The original 1982 Poltergeist, directed by Tobe Hooper, opens with an apt image: an extreme close-up of a television set. Not only does the object prove pivotal to the film’s narrative, but the close proximity of the camera to the screen imbues the television with a strange, almost alien quality. Though it simply plays the national anthem over patriotic imagery, the signature sign-off for most TV stations in the 1980s, the close-up distorts the pictures and renders them wholly indeterminable. For a film that explores the dark unknowns that lie beneath the seemingly innocent and ordinary, Poltergeist certainly knows how to prime its audience for what’s to come.
Craig T. Nelson
Parenthood begins its final season by picking up almost exactly where season five left off. “Vegas” may take place months after “The Pontiac” but for the most part, everyone is in the same place. Amber is indeed pregnant, with Ryan still out of the picture, Kristina is launching her school, and Zeek and Camille are happy in their new home. The only surprise Katims and co. throw the audience is Julia’s new office fling, which may become something more. It’s a surprising move given where the last season ended, but a not unwelcome one.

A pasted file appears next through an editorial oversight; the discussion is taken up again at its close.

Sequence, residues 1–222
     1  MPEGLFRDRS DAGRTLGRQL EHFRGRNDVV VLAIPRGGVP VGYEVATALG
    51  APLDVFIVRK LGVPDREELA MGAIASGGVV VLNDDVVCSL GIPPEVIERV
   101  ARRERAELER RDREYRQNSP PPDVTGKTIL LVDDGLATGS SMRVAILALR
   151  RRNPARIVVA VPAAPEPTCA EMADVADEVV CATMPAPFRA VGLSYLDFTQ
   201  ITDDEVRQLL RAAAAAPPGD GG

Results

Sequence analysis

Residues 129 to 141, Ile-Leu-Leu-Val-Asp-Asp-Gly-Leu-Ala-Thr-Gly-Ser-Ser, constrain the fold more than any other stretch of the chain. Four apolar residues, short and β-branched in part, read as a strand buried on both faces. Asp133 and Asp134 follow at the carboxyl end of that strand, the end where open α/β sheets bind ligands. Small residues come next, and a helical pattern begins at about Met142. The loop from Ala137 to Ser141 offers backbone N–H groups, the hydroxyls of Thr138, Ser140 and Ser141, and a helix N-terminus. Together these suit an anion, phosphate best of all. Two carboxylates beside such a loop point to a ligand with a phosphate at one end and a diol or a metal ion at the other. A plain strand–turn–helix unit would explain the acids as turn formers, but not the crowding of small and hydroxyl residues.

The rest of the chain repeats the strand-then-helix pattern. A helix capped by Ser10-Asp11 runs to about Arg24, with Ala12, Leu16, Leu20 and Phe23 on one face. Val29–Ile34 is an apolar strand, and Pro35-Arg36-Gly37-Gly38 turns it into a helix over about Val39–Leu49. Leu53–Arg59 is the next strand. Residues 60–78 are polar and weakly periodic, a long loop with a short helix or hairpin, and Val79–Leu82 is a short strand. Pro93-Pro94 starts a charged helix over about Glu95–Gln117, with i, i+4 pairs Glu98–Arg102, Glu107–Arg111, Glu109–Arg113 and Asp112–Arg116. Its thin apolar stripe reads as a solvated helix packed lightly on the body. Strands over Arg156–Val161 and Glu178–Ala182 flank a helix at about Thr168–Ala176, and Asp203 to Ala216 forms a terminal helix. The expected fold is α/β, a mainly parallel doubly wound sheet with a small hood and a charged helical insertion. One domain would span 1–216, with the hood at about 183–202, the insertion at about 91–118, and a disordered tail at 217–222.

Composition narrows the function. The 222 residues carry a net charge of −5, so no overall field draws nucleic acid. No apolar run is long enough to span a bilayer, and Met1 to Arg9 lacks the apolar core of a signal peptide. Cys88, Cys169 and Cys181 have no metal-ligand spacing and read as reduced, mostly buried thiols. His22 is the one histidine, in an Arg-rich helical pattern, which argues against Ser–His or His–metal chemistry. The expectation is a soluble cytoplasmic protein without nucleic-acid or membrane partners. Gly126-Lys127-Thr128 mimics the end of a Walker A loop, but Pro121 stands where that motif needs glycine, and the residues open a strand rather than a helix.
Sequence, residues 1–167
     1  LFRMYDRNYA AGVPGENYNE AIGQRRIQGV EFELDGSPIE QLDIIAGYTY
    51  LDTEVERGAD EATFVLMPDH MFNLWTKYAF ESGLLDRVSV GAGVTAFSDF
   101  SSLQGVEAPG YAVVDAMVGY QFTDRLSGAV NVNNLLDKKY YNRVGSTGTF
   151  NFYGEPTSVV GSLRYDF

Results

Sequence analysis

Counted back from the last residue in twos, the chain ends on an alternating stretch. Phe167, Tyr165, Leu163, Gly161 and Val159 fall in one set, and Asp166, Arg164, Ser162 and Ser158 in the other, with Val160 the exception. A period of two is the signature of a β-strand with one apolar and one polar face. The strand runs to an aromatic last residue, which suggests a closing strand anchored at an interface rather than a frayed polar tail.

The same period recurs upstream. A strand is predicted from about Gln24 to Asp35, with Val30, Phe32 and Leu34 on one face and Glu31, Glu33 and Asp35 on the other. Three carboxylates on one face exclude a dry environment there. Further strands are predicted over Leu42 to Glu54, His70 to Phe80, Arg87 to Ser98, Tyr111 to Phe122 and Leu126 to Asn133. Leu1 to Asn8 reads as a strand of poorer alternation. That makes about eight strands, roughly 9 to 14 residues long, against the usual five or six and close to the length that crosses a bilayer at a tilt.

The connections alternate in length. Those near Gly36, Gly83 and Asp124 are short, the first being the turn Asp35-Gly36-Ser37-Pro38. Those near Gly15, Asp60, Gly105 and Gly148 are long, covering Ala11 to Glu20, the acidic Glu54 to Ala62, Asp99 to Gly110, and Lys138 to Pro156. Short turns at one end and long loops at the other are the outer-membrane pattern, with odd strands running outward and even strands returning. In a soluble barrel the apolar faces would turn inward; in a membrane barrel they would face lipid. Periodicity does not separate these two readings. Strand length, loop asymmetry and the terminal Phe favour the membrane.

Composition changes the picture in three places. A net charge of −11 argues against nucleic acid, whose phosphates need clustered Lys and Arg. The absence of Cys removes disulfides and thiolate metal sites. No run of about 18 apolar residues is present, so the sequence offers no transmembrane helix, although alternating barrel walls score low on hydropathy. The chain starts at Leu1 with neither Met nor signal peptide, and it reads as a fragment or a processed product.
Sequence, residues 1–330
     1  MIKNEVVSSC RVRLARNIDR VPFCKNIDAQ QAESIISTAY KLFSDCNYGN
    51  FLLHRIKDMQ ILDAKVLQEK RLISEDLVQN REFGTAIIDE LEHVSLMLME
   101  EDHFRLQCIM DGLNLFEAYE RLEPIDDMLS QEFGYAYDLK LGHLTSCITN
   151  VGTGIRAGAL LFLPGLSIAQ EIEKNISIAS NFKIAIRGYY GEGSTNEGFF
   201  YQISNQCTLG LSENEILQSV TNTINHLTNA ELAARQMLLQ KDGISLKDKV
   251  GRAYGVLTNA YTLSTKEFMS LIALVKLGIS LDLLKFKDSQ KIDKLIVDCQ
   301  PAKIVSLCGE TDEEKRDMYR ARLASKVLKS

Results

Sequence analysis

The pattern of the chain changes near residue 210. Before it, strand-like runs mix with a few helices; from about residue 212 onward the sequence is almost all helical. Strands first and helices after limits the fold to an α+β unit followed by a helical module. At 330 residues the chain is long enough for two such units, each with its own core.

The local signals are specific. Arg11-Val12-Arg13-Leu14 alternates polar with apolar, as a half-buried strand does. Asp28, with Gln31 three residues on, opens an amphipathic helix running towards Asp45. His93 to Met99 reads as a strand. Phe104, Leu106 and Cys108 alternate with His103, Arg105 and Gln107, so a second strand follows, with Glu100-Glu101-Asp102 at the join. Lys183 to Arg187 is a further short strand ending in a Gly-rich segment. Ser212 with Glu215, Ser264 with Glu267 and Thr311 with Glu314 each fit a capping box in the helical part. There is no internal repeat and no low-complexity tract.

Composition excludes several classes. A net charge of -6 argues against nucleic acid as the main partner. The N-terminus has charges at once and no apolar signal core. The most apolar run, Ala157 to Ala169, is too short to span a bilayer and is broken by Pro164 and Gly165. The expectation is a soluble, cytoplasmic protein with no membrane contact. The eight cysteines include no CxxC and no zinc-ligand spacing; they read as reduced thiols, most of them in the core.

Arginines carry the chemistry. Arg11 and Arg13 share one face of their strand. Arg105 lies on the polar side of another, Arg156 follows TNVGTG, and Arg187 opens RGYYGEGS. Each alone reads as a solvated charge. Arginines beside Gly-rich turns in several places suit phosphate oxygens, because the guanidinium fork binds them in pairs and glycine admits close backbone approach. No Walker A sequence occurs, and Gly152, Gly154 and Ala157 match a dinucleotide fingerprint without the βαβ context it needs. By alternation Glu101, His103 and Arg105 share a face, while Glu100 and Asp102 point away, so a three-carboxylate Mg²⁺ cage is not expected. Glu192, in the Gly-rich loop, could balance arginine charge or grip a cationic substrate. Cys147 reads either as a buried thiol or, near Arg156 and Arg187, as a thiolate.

Parenthood has had an uneven season. After starting the year out promisingly, odd and unexamined character choices started to take over the show, leaving the audience to connect the dots to understand the extreme reactions (or lack of reactions) demonstrated by several characters. Joel, swamped at work (except when he isn’t), reacts poorly to Julia’s indiscretion and leaves. Hank’s back, but he’s not with Sarah, and no one knows why. Kristina runs for mayor, because remission? , and Adam, inspired by her, convinces Crosby to start their own label. Several of these storylines overstayed their welcome, stretched too thinly over the 22-episode season, but fortunately the finale draws more heavily from the narratively energetic start of the season than the slog that was much of its second half.